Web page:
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Councilman Andre Dickens wins Atlanta mayor race over Moore

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ATLANTA (AP) — City Council member Andre Dickens won a runoff election Tuesday to become Atlanta’s next mayor, riding a surge of support that powered him past the council’s current president, Felicia Moore, after finishing second to her in November.

Dickens won a campaign dominated by concern over rising violent crime in the city, arguing he would be more effective than Moore, who had often been a sometimes-lonely critic of previous mayors in her 20 years on the City Council. Moore had been the leading candidate by a wide margin in the first round of voting on Nov. 2 among 14 candidates in a nonpartisan race.

Incumbent Mayor Keisha Lance Bottoms didn’t seek a second term.

The 47-year-old Dickens, an Atlanta native and engineer by training, joined the council in 2013. He argued that his broad range of experience would allow him to address crime and other city issues including affordable housing and improving opportunity for poorer residents. Other issues in the race included bolstering struggling city services and keeping the wealthy Buckhead neighborhood from seceding.

Dickens went from trailing the pack to take second on Nov. 2 and make the runoff, ending the comeback attempt of two-term former Mayor Kasim Reed, who finished third. That snowballing support continued in the runoff, with endorsements by Bottoms, U.S. Rep. and Democratic Party of Georgia Chair Nikema Williams, Fulton County District Attorney Fani Willis and Sharon Gay, an attorney who finished fourth in Nov. 2 voting.

Like many cities across the country, Atlanta has been dealing with a spike in killings. As of Nov. 13, homicides rose 10% over the same period last year and 57% compared with 2019, Atlanta police data shows. Several of those killings captured widespread attention.

Dickens has pledged to increase the number of police officers, arrest gang leaders and implement community policing. He says he may keep current Police Chief Rodney Bryant, who came out of retirement in 2020 after a previous chief stepped down following a fatal police shooting of a Black man that led to unrest.

Dickens also aims to increase affordable housing, improve infrastructure and ensure current residents qualify for high-paying jobs.

Alexander Dawes, a 25-year-old Black man, said he voted for Dickens on Tuesday at Second-Ponce de Leon Baptist Church. Dickens’ transparency — and his stance on public safety — were key factors in his decision, Dawes said.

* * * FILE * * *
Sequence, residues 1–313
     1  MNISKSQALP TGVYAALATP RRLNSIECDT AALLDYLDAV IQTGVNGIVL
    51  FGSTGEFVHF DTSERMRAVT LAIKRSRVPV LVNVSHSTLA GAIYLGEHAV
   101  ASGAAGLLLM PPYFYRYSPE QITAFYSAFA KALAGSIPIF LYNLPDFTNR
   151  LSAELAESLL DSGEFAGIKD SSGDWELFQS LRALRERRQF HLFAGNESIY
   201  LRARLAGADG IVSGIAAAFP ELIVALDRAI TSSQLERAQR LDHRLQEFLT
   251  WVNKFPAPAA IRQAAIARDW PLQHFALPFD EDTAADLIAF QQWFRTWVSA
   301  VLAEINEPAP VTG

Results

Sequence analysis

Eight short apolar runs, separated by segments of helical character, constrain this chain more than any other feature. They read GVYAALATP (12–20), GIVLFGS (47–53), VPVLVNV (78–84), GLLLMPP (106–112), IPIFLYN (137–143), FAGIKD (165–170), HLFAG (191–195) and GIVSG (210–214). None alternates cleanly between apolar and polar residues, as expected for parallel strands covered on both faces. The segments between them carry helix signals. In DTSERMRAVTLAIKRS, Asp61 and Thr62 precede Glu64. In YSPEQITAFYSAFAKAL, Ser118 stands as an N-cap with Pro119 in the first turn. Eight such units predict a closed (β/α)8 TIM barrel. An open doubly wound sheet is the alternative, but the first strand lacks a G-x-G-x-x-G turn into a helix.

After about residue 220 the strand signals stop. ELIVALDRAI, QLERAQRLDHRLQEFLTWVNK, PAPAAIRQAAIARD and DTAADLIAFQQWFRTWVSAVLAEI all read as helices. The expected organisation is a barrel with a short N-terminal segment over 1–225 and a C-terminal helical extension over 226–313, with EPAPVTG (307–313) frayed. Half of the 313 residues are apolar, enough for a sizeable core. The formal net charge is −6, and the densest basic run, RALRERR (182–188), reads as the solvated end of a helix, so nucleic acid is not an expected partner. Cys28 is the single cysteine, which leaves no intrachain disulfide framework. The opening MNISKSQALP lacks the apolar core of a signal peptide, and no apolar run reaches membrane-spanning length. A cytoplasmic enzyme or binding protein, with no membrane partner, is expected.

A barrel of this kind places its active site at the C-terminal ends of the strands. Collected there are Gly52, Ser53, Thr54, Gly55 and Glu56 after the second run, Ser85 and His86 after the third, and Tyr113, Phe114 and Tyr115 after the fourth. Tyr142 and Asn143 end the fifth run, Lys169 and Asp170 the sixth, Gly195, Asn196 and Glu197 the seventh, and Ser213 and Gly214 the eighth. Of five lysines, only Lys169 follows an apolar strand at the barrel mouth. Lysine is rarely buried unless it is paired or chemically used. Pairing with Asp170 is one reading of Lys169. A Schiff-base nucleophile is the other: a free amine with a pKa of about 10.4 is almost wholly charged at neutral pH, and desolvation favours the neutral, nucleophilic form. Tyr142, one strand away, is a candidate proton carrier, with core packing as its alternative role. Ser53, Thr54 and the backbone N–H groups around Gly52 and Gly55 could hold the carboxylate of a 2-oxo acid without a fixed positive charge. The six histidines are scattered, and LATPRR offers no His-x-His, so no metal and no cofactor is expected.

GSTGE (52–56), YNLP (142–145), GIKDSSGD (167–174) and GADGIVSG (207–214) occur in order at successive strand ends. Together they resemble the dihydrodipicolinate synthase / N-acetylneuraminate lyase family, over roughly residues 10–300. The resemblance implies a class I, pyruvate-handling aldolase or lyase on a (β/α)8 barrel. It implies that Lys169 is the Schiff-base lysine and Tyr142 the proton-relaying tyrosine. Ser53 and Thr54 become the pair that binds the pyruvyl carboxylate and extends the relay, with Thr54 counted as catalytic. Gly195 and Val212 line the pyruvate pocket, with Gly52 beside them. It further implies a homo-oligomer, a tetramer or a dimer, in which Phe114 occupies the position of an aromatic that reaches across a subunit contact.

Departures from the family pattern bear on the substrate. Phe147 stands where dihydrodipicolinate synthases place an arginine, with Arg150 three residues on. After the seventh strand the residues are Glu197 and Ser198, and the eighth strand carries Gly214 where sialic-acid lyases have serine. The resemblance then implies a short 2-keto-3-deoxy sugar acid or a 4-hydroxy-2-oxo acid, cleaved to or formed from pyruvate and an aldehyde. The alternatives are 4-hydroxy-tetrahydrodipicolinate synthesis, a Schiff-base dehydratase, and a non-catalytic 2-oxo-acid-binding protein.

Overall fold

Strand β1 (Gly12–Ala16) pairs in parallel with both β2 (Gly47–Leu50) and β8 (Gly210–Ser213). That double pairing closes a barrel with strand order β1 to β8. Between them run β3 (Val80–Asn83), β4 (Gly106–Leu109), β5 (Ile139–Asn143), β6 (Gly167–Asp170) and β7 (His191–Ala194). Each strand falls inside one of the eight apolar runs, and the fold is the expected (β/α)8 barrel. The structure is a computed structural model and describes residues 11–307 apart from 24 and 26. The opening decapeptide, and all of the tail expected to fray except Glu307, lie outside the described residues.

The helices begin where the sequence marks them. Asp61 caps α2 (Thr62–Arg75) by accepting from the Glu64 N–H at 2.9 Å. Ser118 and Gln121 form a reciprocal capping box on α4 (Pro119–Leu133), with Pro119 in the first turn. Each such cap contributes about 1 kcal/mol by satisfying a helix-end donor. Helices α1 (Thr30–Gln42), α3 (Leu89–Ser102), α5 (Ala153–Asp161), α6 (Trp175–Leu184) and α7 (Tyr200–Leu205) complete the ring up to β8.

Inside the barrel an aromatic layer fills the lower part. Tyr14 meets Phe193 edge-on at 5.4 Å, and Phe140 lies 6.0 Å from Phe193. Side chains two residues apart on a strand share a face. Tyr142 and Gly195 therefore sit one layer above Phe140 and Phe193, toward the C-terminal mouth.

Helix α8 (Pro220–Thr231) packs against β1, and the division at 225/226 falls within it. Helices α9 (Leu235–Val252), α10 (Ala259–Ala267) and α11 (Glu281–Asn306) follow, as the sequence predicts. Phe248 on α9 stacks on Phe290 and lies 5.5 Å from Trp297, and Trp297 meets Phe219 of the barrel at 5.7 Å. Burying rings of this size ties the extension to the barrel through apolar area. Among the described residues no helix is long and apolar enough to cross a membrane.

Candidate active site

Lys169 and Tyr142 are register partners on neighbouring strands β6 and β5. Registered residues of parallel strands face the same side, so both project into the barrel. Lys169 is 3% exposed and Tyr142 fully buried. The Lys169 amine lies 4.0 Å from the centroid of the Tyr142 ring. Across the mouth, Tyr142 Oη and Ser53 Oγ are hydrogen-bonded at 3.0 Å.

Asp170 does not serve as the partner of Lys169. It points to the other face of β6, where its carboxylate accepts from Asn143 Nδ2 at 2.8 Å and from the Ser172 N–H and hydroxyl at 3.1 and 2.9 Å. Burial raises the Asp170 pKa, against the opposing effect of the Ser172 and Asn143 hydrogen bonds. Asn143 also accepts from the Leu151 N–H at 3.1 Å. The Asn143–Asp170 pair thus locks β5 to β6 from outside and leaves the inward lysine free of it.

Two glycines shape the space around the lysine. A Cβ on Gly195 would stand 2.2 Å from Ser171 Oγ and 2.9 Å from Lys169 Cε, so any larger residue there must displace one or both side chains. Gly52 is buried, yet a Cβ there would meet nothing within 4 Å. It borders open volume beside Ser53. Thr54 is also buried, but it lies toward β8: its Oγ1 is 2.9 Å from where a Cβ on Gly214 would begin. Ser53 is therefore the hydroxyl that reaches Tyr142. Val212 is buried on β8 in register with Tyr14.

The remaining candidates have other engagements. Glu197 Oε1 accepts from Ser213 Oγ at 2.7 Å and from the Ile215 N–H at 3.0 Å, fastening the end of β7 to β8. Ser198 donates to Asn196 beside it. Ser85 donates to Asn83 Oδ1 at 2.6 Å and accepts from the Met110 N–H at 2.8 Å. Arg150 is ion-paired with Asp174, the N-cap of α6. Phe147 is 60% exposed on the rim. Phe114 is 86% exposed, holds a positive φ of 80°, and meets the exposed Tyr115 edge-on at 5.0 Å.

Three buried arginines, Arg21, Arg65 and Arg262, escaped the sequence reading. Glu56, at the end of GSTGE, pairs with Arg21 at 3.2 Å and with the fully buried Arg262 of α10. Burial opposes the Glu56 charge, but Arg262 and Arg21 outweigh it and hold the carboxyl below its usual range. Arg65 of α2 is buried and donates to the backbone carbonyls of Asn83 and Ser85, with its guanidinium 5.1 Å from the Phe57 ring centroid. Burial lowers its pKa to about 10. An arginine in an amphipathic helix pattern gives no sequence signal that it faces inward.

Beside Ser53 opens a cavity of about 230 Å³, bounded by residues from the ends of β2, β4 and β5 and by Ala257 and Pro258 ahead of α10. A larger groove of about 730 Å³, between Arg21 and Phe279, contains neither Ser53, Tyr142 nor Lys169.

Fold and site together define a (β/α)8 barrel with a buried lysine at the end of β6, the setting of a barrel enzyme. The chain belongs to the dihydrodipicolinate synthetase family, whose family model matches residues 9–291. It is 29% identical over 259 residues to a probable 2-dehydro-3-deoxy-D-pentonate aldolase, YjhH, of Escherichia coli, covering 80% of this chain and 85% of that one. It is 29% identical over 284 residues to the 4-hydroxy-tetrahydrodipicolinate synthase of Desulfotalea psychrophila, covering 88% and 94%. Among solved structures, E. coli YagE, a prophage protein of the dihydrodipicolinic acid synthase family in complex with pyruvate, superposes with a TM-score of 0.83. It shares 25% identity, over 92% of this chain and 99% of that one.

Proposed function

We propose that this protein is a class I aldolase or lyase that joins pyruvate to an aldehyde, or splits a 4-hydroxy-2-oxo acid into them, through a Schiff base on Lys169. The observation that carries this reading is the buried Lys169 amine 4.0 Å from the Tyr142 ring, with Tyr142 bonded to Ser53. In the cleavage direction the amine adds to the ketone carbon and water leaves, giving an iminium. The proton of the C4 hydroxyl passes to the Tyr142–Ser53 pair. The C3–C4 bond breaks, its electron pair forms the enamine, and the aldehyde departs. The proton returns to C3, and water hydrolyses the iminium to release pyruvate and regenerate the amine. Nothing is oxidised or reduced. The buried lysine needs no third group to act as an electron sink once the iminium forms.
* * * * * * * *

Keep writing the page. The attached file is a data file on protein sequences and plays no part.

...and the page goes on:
Crime has been a hot topic, but getting more officers on the streets is only part of the solution, he said.

“I think there are multiple approaches to address crime,” Dawes said. “Of course, staffing is important but also having officers present in the community. That’s important to build back that trust between the police and the community.”

Jennifer and Joe Moyers, both 60, said they voted for Felicia Moore. She was the candidate who had the most focus on curbing crime, Jennifer Moyers said.

She has served on a community board in the Mt. Paran neighborhood and heard Moore speak there and was impressed by what she heard.

“She’s very vocal about crime being a focus for her,” Moyers said.

Some opponents of Moore attacked her as the favorite of white voters, a frequent tactic in a city where many white and Black voters are divided by income and geography. Both Moore and Dickens are Black, and Moore has dismissed that her support should be held against her.

“We are in a position in the city to start to bring people together,” Moore said recently, arguing she is “someone who can talk across divides, someone who can talk to people in the streets as well as the suites.”

Moore said her support in the wealthier, whiter section of Buckhead would be an asset in trying to squelch a secession movement in the area, an effort likely to preoccupy the first year of the next mayor’s term.

Moore touted her record to appeal to voters hungry for change and position herself as someone who would bring accountability and transparency to City Hall. But Dickens portrayed Moore as a naysayer and someone who has been unable to work with others.

Dickens currently works for TechBridge, a nonprofit that tries to use technology to aid other charitable groups. Dickens also founded a program to train people for technology work, trying to broaden access to high-paying jobs in Atlanta. He earlier ran a family-owned furniture store chain that collapsed in bankruptcy a decade ago, something that Dickens blamed on the effects of the Great Recession.

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